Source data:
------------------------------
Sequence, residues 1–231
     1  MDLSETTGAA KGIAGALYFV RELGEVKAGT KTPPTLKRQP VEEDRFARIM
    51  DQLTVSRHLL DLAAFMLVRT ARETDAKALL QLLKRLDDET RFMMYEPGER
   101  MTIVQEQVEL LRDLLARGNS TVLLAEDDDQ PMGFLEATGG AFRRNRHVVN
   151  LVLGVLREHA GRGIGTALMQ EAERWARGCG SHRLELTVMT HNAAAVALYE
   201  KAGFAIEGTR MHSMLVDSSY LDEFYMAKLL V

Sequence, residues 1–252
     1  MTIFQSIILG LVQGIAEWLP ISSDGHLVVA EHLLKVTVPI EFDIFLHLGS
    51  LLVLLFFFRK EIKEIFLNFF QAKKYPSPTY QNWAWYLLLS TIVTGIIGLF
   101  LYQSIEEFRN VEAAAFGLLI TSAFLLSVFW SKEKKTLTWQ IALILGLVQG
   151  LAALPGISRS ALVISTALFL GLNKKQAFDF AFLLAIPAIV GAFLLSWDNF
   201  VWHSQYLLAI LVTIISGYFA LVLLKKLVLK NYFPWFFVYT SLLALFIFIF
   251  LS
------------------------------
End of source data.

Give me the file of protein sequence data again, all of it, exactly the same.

Sequence, residues 1–231
     1  MDLSETTGAA KGIAGALYFV RELGEVKAGT KTPPTLKRQP VEEDRFARIM
    51  DQLTVSRHLL DLAAFMLVRT ARETDAKALL QLLKRLDDET RFMMYEPGER
   101  MTIVQEQVEL LRDLLARGNS TVLLAEDDDQ PMGFLEATGG AFRRNRHVVN
   151  LVLGVLREHA GRGIGTALMQ EAERWARGCG SHRLELTVMT HNAAAVALYE
   201  KAGFAIEGTR MHSMLVDSSY LDEFYMAKLL V

Sequence, residues 1–252
     1  MTIFQSIILG LVQGIAEWLP ISSDGHLVVA EHLLKVTVPI EFDIFLHLGS
    51  LLVLLFFFRK EIKEIFLNFF QAKKYPSPTY QNWAWYLLLS TIVTGIIGLF
   101  LYQSIEEFRN VEAAAFGLLI TSAFLLSVFW SKEKKTLTWQ IALILGLVQG
   151  LAALPGISRS ALVISTALFL GLNKKQAFDF AFLLAIPAIV GAFLLSWDNF
   201  VWHSQYLLAI LVTIISGYFA LVLLKKLVLK NYFPWFFVYT SLLALFIFIF
   251  LS